AGIMO shaping policy mandate for govt “drowning” in big data
Federal government policy-setting body AGIMO will on Friday release a big-data strategy issues paper outlining the results of early efforts of the organisation’s big-data brainstorming to date, government CIO Glenn Archer said today.
Addressing the Australian Information Industry Association (AIIA)-backed Navigating Big Data Summit in Canberra today, Archer noted that AGIMO had already conducted extensive discussions – with government bodies, private-sector organisations, and peers in the US, UK, New Zealand and Canada – in an effort to identify best-practice methods for aggregating, analysing and making use of massive quantities of data.
“Australian public service agencies collect very significant volumes of information,” Archer said. “They relate to citizens and businesses, organisations’ internal operations, the nature of interactions with external parties such as suppliers and communities.”
“Analytical tools…. Offer enormous opportunities to improve the way we deliver services to citizens,” he continued. “We’re looking to develop new policy about how we can use big data and analytic tools to get a strategic approach for a whole-of-government view of data management – and to build better policy options for government and for ministers to consider.”
The working paper isn’t AGIMO’s only nod to the big-data explosion: last week an AGIMO and Australian Taxation Office-sponsored working group brought together departmental representatives and academics from numerous institutions to define the terms of reference for a planned Data Analytics Centre of Excellence that will serve as a centrepiece of the government’s efforts to tap into the benefits of big data.
Development of big-data guidelines, best practices and technological tools had become a key priority for AGIMO and other government bodies as government organisations were increasingly finding themselves “drowning in the data” they had collected,” Dr Brenton Cooper, technical director for information superiority with the Defence Systems Innovation Centre (DSIC) told the audience.
“Rather than being task driven, they’re trying to make the processes they deal with, data driven,” explained Cooper, who has worked extensively with Department of Defence agencies to help them get on top of their growing data stores.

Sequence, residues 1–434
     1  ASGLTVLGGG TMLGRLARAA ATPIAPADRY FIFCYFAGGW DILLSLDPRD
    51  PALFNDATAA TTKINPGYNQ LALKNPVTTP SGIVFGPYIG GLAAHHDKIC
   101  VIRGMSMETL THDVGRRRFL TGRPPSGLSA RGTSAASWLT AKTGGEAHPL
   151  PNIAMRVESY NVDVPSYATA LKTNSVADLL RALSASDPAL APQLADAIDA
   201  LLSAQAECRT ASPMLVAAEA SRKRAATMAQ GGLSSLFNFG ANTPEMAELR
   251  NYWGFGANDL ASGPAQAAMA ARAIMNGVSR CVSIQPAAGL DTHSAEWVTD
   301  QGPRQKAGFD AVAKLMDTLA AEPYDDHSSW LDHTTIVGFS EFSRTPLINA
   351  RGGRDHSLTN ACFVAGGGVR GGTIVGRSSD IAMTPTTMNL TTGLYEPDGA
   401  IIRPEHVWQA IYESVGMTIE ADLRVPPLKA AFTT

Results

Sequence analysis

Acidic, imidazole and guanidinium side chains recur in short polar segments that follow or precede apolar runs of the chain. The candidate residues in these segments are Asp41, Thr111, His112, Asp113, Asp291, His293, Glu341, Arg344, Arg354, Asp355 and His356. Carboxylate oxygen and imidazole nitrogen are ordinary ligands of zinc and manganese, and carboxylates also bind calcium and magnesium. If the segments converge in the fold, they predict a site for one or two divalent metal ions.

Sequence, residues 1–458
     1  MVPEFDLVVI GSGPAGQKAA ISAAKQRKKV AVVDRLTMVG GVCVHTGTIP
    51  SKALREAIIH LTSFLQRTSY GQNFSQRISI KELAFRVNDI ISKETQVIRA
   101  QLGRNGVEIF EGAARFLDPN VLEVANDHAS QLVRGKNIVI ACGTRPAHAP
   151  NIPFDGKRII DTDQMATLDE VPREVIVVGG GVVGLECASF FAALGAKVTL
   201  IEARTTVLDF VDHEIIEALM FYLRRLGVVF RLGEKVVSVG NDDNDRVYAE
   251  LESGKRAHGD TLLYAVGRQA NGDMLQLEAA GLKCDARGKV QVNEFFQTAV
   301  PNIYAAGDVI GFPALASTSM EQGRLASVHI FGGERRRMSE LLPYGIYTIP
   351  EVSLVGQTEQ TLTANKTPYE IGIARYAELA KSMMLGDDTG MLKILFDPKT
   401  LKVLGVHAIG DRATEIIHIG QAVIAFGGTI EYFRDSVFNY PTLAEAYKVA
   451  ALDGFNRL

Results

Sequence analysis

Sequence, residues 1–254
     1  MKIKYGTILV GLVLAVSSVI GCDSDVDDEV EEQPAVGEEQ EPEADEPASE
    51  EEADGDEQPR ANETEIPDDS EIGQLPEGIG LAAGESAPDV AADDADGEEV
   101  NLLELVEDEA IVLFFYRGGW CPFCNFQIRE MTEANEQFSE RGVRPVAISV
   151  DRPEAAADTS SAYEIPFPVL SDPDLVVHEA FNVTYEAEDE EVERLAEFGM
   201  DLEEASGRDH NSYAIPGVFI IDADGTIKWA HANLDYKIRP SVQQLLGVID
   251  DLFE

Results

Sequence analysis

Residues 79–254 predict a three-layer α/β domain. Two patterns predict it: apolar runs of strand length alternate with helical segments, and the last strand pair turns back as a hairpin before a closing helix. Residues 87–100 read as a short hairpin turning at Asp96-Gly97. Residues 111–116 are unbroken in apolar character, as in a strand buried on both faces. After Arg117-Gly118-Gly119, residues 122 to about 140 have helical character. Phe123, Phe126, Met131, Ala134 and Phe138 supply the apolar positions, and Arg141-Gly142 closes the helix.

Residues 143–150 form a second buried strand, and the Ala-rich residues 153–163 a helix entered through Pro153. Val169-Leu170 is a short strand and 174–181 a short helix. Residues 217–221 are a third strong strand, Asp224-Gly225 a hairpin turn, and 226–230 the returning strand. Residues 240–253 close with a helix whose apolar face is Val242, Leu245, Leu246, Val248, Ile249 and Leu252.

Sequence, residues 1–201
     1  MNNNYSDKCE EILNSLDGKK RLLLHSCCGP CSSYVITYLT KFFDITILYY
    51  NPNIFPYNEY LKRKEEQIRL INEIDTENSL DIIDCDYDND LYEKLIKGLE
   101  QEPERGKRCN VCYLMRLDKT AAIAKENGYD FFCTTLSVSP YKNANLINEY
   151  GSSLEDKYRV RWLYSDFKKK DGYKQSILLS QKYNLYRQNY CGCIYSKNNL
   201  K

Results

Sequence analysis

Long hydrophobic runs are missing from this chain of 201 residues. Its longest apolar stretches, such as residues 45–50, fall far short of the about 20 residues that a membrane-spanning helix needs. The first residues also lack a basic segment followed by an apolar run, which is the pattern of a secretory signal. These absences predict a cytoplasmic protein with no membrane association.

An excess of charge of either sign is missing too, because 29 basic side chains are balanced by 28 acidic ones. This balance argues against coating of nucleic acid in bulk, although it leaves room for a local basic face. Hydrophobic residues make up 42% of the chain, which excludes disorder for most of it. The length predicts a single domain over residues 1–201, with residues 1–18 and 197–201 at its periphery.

“To do that, you really need to build the smart analytics that can turn the data into information that the organisation can use to make the decisions they need to….Part of the challenge is trying to bring down the number of degrees of freedom down to the level where humans can make decisions.”
Three major elements – privacy and security, data management and sharing, and technology – delineate the AGIMO-led strategy, Archer said. Each of these presented a whole range of new issues that would need to be worked through to both empower and, where necessary restrict government agencies’ use of big-data techniques.
“It’s clear that the collection and correlation of multiple, disparate data sources will magnify the potential of the mosaic effect of seemingly innocuous data that can expose or reveal sensitive information about an individual,” he said.
“For example, what happens when a government agency accesses a data set from another agency, and that other agency has placed that data set into the public domain? It’s very likely that it may give you insights, but it may also raise concerns in the minds of some citizens that it is not an appropriate use for that data. And [limiting its use] sounds intuitively like it’s in conflict with the idea of open data.”
The release of the 14-page issues paper will kick off a three-week consultation process designed to solicit public and private-sector input for a formal government big-data policy, which Archer said would be released in draft form by May and finalised by July. – David Braue
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